Normally, our uterus is about the size of a fist – not so small! During pregnancy, this organ naturally enlarges and can equal in volume to a large watermelon, but some time after giving birth it usually returns to its previous state. But it so happens that in a non-pregnant woman, the uterus increases in size – and often this can indicate unwanted and very serious processes in the body. We will tell you why the uterus can grow, what symptoms indicate its unwanted enlargement, and remind you: for any unusual signs and symptoms, it is important to see a doctor as soon as possible!
Why does the uterus grow in size?
The most natural and safest reason is, of course, pregnancy. But most of the other “culprits” of changes in the size of the uterus, alas, are not so harmless. Doctors recommend that women do an ultrasound scan of the pelvic organ at least once a year, including in order to notice the abnormal size of the uterus or ovaries in time and take action in time. So, the uterus can increase in size for the following reasons:
The cells of the lining of the uterus begin to divide at an increased rate, a tumor forms, which can also spread to nearby organs. Symptoms to look out for are “inappropriate” bleeding, pain when urinating, during intercourse, and pain in the pelvic region. Most often, endometrial cancer is diagnosed in women who have gone through menopause, but women of fertile age should also be attentive to their health and not ignore the described symptoms.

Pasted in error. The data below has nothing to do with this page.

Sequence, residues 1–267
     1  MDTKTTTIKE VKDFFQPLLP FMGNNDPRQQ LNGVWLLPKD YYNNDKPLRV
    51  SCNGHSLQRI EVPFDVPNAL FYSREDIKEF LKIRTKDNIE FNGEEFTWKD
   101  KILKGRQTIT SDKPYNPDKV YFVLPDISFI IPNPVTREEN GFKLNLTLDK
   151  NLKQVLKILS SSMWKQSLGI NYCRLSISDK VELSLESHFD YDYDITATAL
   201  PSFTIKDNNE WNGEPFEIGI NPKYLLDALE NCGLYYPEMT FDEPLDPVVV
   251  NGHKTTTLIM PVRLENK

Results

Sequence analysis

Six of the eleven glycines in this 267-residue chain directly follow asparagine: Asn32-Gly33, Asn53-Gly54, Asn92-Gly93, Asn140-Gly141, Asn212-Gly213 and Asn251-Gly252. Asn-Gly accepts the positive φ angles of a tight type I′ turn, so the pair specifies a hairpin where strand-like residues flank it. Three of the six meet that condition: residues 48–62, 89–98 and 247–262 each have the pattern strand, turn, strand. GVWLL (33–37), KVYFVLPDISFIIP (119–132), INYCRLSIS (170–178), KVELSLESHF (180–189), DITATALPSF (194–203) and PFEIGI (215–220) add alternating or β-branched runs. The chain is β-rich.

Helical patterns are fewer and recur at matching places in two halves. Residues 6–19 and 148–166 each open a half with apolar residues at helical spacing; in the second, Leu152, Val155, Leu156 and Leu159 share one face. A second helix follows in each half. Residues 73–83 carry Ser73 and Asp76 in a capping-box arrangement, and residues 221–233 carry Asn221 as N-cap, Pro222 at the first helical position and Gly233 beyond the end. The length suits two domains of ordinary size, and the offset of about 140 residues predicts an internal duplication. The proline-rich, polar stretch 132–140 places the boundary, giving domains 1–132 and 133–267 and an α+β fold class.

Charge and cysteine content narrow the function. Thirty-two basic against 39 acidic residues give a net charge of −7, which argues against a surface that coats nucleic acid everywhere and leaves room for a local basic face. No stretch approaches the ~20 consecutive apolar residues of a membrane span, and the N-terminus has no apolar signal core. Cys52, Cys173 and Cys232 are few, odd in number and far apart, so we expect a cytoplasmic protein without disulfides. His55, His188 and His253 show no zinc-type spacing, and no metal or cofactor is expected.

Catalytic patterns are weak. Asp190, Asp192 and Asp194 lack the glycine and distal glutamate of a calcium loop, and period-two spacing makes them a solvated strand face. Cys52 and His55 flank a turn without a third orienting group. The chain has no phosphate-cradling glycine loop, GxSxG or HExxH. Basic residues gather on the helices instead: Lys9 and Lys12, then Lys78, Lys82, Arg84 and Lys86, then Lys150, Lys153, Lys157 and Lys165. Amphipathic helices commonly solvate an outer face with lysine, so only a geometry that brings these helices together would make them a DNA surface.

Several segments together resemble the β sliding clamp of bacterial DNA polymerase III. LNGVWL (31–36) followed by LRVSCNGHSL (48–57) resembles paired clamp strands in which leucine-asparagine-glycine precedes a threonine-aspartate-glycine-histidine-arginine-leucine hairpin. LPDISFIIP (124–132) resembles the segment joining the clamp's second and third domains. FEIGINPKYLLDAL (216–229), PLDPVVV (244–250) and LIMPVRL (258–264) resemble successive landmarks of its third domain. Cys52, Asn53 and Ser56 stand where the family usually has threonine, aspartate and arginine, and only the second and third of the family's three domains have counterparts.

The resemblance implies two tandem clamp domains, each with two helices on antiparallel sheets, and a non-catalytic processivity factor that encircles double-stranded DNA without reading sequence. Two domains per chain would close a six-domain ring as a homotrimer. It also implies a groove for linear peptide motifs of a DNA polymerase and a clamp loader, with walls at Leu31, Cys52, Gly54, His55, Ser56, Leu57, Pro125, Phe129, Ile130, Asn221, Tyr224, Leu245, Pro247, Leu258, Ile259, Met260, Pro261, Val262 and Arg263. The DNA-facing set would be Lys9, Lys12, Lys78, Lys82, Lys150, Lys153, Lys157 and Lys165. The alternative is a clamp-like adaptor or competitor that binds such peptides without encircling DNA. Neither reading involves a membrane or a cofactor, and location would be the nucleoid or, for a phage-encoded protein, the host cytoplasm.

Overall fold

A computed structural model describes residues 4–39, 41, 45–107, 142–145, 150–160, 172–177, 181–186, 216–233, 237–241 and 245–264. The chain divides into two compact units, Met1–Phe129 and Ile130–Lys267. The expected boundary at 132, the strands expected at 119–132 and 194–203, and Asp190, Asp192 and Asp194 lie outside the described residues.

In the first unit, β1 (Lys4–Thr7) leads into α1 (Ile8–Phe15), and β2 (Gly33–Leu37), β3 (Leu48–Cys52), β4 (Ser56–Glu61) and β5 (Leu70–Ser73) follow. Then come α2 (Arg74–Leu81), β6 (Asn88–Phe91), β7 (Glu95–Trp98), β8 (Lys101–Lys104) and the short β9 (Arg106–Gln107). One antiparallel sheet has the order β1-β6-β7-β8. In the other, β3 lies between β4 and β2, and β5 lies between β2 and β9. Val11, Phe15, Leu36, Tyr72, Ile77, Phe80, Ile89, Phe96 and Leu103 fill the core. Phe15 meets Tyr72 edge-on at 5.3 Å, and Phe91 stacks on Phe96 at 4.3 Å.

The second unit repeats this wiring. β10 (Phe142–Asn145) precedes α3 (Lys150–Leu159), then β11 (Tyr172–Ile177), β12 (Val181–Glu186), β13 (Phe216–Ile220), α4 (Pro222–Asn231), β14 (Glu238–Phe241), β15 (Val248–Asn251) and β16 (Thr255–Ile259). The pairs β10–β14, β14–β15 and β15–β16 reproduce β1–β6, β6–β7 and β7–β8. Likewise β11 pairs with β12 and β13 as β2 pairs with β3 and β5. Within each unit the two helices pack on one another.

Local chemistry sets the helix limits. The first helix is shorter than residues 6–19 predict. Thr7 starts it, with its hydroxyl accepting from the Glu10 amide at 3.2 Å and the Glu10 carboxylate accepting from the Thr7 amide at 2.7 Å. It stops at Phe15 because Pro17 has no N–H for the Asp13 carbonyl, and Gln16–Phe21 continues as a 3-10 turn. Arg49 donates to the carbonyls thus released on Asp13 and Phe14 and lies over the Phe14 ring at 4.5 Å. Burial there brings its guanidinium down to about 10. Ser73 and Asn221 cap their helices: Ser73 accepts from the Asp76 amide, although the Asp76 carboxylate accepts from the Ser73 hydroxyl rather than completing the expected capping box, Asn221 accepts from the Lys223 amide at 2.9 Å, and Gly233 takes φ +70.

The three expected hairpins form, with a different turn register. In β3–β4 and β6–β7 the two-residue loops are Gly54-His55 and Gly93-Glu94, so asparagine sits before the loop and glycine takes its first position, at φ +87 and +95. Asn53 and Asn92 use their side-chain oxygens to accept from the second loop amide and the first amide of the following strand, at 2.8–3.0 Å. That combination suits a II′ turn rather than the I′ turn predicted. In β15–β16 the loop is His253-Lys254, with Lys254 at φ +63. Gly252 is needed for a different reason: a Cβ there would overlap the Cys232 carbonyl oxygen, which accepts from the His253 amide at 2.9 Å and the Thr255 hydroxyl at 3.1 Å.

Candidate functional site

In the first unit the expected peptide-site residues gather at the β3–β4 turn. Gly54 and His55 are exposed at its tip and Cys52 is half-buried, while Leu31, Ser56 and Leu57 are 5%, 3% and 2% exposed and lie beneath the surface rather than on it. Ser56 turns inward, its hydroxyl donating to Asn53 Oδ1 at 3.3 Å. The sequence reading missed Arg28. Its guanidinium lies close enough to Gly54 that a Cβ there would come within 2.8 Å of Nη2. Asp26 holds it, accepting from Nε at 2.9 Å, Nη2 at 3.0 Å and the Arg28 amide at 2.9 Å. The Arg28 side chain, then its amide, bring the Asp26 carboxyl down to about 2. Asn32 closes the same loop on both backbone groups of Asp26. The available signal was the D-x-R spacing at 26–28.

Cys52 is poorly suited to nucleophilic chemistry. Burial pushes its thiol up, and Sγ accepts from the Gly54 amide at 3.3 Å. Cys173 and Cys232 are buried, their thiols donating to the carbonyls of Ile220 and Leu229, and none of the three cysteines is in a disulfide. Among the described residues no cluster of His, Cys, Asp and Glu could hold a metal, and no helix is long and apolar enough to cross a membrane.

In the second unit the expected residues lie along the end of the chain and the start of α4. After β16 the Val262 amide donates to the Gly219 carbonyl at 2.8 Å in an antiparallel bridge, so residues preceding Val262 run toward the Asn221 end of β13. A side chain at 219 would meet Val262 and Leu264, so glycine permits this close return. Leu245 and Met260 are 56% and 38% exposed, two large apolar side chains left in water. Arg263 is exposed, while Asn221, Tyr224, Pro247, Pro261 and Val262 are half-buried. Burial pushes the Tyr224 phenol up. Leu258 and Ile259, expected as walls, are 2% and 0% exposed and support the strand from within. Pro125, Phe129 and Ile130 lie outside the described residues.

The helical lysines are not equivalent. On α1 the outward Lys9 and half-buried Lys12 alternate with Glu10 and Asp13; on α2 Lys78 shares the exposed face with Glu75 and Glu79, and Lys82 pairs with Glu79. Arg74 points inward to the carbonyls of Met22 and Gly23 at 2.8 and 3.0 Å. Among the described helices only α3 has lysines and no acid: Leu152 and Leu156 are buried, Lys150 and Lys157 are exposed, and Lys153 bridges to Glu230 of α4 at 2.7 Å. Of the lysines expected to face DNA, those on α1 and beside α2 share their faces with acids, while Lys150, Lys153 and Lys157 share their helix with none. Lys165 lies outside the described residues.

The most common symptom accompanying an enlarged uterus is increased menstrual bleeding. As a rule, periods become longer and heavier, and bleeding is profuse, with blood clots.
Most often, patients with an enlarged uterus complain of pain in the lower abdomen, but there may also be pain in the lower back, upper abdomen, and even in the legs.
An enlarged uterus can press on nearby digestive organs, causing bloating and gas.
If the uterus presses too hard on the intestines, it can damage its normal function and lead to constipation.
Another organ that suffers from an enlarged uterus is the bladder. The stronger the pressure on him, the more often he wants to go to the toilet.
In addition to more profuse bleeding, an enlarged uterus can provoke an irregular menstrual cycle, as well as the appearance of bleeding between periods. Also, iron deficiency can develop due to large blood loss.
And the enlarged uterus itself, and the hormonal disorders that accompany the diseases due to which it grows, often lead to rapid weight gain.
Most of the reasons for which the uterus grows in size, as a rule, negatively affects a woman’s ability to conceive and bear a child. In addition, if the uterus enlarges greatly during pregnancy, it can trigger a miscarriage or premature birth.